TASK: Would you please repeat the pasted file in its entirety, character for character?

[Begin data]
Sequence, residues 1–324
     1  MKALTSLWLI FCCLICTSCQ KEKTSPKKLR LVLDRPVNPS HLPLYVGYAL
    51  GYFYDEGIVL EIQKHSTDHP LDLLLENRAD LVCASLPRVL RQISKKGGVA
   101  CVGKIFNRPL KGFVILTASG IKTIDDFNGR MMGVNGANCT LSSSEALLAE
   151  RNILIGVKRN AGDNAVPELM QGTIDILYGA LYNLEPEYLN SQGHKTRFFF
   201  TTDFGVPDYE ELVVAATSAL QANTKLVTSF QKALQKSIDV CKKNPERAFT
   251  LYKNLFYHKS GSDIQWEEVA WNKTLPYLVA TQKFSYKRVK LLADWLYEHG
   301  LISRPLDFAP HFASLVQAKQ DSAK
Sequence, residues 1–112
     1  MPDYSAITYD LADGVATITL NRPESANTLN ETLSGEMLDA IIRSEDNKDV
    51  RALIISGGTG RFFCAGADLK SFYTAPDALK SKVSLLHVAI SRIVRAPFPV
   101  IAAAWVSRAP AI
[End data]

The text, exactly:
Sequence, residues 1–324
     1  MKALTSLWLI FCCLICTSCQ KEKTSPKKLR LVLDRPVNPS HLPLYVGYAL
    51  GYFYDEGIVL EIQKHSTDHP LDLLLENRAD LVCASLPRVL RQISKKGGVA
   101  CVGKIFNRPL KGFVILTASG IKTIDDFNGR MMGVNGANCT LSSSEALLAE
   151  RNILIGVKRN AGDNAVPELM QGTIDILYGA LYNLEPEYLN SQGHKTRFFF
   201  TTDFGVPDYE ELVVAATSAL QANTKLVTSF QKALQKSIDV CKKNPERAFT
   251  LYKNLFYHKS GSDIQWEEVA WNKTLPYLVA TQKFSYKRVK LLADWLYEHG
   301  LISRPLDFAP HFASLVQAKQ DSAK
Sequence, residues 1–112
     1  MPDYSAITYD LADGVATITL NRPESANTLN ETLSGEMLDA IIRSEDNKDV
    51  RALIISGGTG RFFCAGADLK SFYTAPDALK SKVSLLHVAI SRIVRAPFPV
   101  IAAAWVSRAP AI